The US is looking like the dog that caught the car. It needs to decide what to do next.
Except that Wanzhou Meng is a person. She’s the chief financial officer of Huawei Technologies as well as deputy chairwoman and the daughter of its founder. She’s in Canadian custody awaiting extradition to the US, and China is outraged.
With Huawei finally being fingered for alleged sanctions-busting, a charge already leveled at compatriot ZTE, the US Department of Justice and the Trump administration have an important question to answer: What do we want out of this?
The ham-fisted approach to punishing, forgiving and then repunishing ZTE must not be repeated if the US wants to be taken seriously.
ZTE was caught breaching US sanctions on selling equipment to Iran. It apologized and was let off with a fine and a seven-year suspended sentence on the condition that it change its ways and fire some people.
It didn’t take long for ZTE to break that deal, and the US hit back by restricting the supply of components to the company. That threatened to cripple ZTE because US parts are crucial to the global technology supply chain.
In yet another example of the transactional nature of the current US administration, ZTE was able to wriggle out of that procurement ban by paying an even bigger fine. The message to the world was clear: The US rule of law is for sale.
It’s not clear what the US really got out of the ZTE case, beyond a few extra greenbacks. Congress was so incensed at this Trumpian deal that it threatened to reinstate the earlier, harsher penalties on its own. Lawmakers backed down before raising the possibility again.
So now it’s Huawei’s turn. We all knew this was coming. This is no ZTE, though. Huawei is China’s most important technology company and a national hero. This ups the stakes for both sides.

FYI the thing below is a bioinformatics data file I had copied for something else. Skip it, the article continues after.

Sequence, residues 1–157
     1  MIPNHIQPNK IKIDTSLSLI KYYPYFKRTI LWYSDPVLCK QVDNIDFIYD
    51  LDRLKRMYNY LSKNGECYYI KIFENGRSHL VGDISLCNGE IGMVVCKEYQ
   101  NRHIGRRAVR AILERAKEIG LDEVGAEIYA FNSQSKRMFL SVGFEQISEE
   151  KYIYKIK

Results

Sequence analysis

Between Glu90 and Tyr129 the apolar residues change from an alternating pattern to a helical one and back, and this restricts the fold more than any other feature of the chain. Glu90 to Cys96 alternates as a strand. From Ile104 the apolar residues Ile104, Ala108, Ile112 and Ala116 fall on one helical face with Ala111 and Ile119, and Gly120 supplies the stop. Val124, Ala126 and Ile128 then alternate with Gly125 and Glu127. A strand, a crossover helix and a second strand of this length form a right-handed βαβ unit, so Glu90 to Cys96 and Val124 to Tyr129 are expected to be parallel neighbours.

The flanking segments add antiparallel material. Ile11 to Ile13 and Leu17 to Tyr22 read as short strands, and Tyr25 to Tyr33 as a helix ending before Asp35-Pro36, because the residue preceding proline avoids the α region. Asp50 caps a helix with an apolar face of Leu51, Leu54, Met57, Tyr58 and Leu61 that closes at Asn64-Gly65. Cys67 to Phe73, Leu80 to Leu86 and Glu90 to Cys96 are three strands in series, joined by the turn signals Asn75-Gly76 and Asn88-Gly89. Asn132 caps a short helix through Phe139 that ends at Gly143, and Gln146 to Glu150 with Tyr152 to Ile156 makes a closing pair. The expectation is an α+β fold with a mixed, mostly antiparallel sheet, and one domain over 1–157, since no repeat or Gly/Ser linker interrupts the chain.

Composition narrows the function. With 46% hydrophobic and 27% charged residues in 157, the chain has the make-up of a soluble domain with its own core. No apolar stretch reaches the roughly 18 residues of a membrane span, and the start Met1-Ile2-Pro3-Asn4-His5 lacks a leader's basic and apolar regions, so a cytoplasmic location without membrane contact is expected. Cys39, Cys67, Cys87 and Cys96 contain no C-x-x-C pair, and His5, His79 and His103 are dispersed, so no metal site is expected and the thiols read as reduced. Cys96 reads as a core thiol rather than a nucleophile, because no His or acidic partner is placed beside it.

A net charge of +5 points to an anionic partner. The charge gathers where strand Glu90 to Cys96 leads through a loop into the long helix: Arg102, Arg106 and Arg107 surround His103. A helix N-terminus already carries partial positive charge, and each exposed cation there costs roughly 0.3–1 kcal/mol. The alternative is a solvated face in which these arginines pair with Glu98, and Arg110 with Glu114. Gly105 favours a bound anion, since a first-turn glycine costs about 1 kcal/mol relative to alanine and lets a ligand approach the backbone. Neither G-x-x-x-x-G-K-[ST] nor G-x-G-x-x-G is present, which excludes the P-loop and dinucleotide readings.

To date, the US has deployed a sledgehammer approach to its trade war with China. To fight against a perceived trade imbalance and infringement of intellectual property, President Donald Trump has thrown up tariffs on an eclectic mix of products. That might work for a trade imbalance, but is a poor way to tackle the ongoing theft of US technology.
If the US simply issues Huawei a very big invoice, then Beijing will be laughing. China is happy to spend money to achieve President Xi Jinping’s vision of a technologically independent superpower. A few pennies into US coffers will be money well spent. Such a move would also be a slap in the face to allies such as Australia and New Zealand, which have started to ban Huawei products from their networks citing that other great US bugbear: security.
Instead, the US should move forward with plans to set up stricter protocols on what it will allow China to buy. The Export Control Reform Act has similarities with the Wassenaar Arrangement, a multinational deal that restricts the flow of weapons and sensitive tools, such as semiconductor manufacturing equipment.
US companies such as Apple, IBM and Microsoft are worried about that law and have set their lobby groups to work, Bloomberg Law’s Alexei Alexis wrote. The regulations lack specificity, they argue. Valid point, but then these companies are desperate to sell as much of their wares to China as possible.
The Commerce Department, which administers the law, would do well to be more refined in its definition of what’s allowed and what’s not, but it should be sure not to water down the regulations so as to create loopholes. Provisions in the act could then be used to punish offenders with very clear penalties that don’t give the same kind of wiggle room that ZTE enjoyed.
In addition, to be truly effective, such regulations need the support of allies. And that will require Trump to spend more time being friendly to the US’ friends and less time being friendly to its enemies. It would also require the US to recognize that not every problem can be solved with a sledgehammer.
With the arrest of a senior Huawei executive, the US has a golden opportunity to change the way China steals technology. Doing anything less makes the chase little more than a charade.
Tim Culpan is a Bloomberg Opinion columnist covering technology. -- Ed.